WhatsApp founder resigning, US tariff deadline, hot mic “In the Money”

Good morning, Quartz readers!

What to watch for today

South Korea pulls its loudspeakers from the DMZ. The defense ministry is removing a sound system that blared K-Pop and propaganda across the border, in the wake of a groundbreaking summit with Kim Jong-un last week. Meanwhile, China’s foreign minister will visit Pyongyang.

A deadline looms on US steel and aluminum tariffs. The Trump administration will decide whether to extend an exemption for European countries and other US allies, which is set to expire May 1. “The president has not made any decision yet,” said Treasury secretary Steven Mnuchin.

A chastened Facebook kicks off its annual developer conference. The company has halted new products and rolled back developer access to its massive social network in the wake of the Cambridge Analytica scandal. The company is expected to focus on virtual reality, gaming, and messaging for businesses.

Apple’s second-quarter earnings. The company’s stock has dipped 8% in the past two weeks and investors are anxious after analysts lowered expectations for iPhone sales.

While you were sleeping

WhatsApp co-founder Jan Koum is reportedly leaving Facebook. The billionaire who sold WhatsApp for $19 billion has clashed with Facebook over its plans to use personal data from the world’s biggest messaging app and to weaken its encryption (paywall), the Washington Post reports. Co-founder Brian Acton, who resigned in November, has also become a Facebook critic.

US consumer spending ticked up. Purchases rose 0.4% from the prior month, and inflation hit the Federal Reserve’s 2% target for the first time in a year. Despite that, the central bank is still likely to stick to its plan of gradual interest-rate hikes. Separately, the US Treasury said it borrowed a record $488 billion in the first quarter, as it prepares for bigger budget deficits.

Marathon Petroleum offered $23 billion for Andeavor. The combined company would be largest US independent fuel refiner, overtaking Valero Energy. Marathon offered a 24% premium over its rival’s closing price Friday, making the offer the biggest-ever for an oil refinery.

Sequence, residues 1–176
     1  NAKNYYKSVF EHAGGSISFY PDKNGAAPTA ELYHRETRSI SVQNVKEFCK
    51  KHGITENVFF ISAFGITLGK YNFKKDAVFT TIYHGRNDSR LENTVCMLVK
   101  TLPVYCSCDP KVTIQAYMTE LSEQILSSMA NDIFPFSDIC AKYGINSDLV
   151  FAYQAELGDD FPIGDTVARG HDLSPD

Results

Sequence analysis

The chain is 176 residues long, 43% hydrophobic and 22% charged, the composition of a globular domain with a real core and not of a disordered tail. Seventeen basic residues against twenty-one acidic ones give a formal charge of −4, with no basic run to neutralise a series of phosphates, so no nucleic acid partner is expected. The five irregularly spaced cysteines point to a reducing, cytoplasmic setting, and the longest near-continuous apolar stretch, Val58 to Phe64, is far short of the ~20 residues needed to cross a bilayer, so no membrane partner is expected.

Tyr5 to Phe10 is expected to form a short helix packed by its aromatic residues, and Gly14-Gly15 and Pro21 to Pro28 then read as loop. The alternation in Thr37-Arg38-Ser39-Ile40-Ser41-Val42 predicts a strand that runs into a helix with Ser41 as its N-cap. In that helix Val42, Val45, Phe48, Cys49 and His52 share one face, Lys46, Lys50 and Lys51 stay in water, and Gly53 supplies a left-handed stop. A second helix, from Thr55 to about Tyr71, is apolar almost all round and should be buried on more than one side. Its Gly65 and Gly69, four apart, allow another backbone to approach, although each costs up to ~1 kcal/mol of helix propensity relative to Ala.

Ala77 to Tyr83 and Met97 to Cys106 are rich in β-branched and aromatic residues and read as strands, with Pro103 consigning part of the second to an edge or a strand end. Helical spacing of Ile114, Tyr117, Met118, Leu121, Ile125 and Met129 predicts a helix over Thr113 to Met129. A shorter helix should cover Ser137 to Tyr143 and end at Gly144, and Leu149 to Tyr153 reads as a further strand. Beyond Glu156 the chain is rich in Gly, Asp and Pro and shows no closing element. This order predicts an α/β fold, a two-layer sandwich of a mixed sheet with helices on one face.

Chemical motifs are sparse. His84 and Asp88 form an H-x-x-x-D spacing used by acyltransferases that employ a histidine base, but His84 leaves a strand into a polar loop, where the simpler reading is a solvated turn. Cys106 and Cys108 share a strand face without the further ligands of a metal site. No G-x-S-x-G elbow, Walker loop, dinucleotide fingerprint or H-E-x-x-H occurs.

McDonald’s earnings crushed expectations. The fast-food giant blew past expectations thanks to robust overseas sales and more spending by US consumers. Shares rose 5% on the news.

Disney signed a deal to make content for Twitter. The company’s ESPN sports network will work with the social media platform to create live sports programming and other content as a part of the latter’s pivot to streaming video. Specific content in development will be announced later this week; Twitter share rose 6% on the news.

Quartz obsession interlude

Tim Fernholz on Jeff Bezos’s attempt to save human civilization. “Now take the scenario, where you move out into the Solar System. The Solar System can easily support a trillion humans. And if we had a trillion humans, we would have a thousand Einsteins and a thousand Mozarts and unlimited (for all practical purposes) resources and solar power unlimited for all practical purposes. That’s the world that I want my great-grandchildren’s great-grandchildren to live in.”  Read more here.

Matters of debate

Cold shipping is so hot right now. Refrigerated containers known as reefers are satisfying a new global demand for more exotic produce (paywall).

The plan to rescue the Great Barrier Reef is too little, too late. Australia’s $400 million plan can only slow coral deaths in the face of climate change.

Europe can save the Iran nuclear deal. Donald Trump should be forced to make a choice: preserve the deal, or lose EU cooperation (paywall) on other issues.

Surprising discoveries

Trump and Macron’s tree is missing. Planted at the White House during the French president’s visit, it’s been pulled from the ground until its quarantine is complete.

The world’s oldest spider died at 43. The female trapdoor spider, who outlasted the next-oldest known arachnid by more than a decade, was killed by a wasp sting.

Sainsbury’s CEO was caught singing “We’re in the Money” after the Asda deal. Mike Coupe apologized for an “unguarded moment” as he prepared for a TV interview.

China is mining data directly from workers’ brains. Manufacturers are outfitting employees with wireless sensors that can “detect emotional spikes such as depression, anxiety or rage.”

South Korea and North Korea broke the ice with magic tricks. A banquet featured a magician who turned $10 into a $100 bill (paywall) and made some jokes about the “trump card.”

Our best wishes for a productive day. Please send any news, comments, elderly spiders, and dead trees to hi@qz.com. You can follow us on Twitter for updates throughout the day or download our apps for iPhone and Android. Today’s Daily Brief was written by Preeti Varathan and Sangeeta Singh-Kurtz and edited by Adam Pasick.